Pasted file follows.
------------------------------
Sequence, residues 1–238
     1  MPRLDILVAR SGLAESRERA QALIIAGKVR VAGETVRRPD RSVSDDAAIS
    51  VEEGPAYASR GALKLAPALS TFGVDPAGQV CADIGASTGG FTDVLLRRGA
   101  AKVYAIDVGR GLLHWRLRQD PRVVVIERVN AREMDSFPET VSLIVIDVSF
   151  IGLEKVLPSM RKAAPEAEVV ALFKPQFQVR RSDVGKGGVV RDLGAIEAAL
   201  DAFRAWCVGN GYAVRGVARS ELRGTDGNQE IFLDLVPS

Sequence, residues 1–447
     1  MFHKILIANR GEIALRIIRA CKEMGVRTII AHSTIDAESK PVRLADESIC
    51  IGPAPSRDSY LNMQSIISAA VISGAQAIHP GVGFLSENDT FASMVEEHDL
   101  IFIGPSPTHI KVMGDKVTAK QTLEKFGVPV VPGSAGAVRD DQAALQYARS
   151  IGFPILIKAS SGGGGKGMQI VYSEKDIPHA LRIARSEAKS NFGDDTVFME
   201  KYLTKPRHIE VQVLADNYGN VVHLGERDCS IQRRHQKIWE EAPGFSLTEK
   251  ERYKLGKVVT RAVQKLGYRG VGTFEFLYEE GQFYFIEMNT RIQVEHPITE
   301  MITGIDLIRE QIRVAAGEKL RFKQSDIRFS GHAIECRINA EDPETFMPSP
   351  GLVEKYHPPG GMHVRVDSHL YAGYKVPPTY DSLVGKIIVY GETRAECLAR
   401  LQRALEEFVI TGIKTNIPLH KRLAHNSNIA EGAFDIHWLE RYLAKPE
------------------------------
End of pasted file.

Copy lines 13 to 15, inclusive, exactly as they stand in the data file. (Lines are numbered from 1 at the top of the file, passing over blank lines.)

   251  ERYKLGKVVT RAVQKLGYRG VGTFEFLYEE GQFYFIEMNT RIQVEHPITE
   301  MITGIDLIRE QIRVAAGEKL RFKQSDIRFS GHAIECRINA EDPETFMPSP
   351  GLVEKYHPPG GMHVRVDSHL YAGYKVPPTY DSLVGKIIVY GETRAECLAR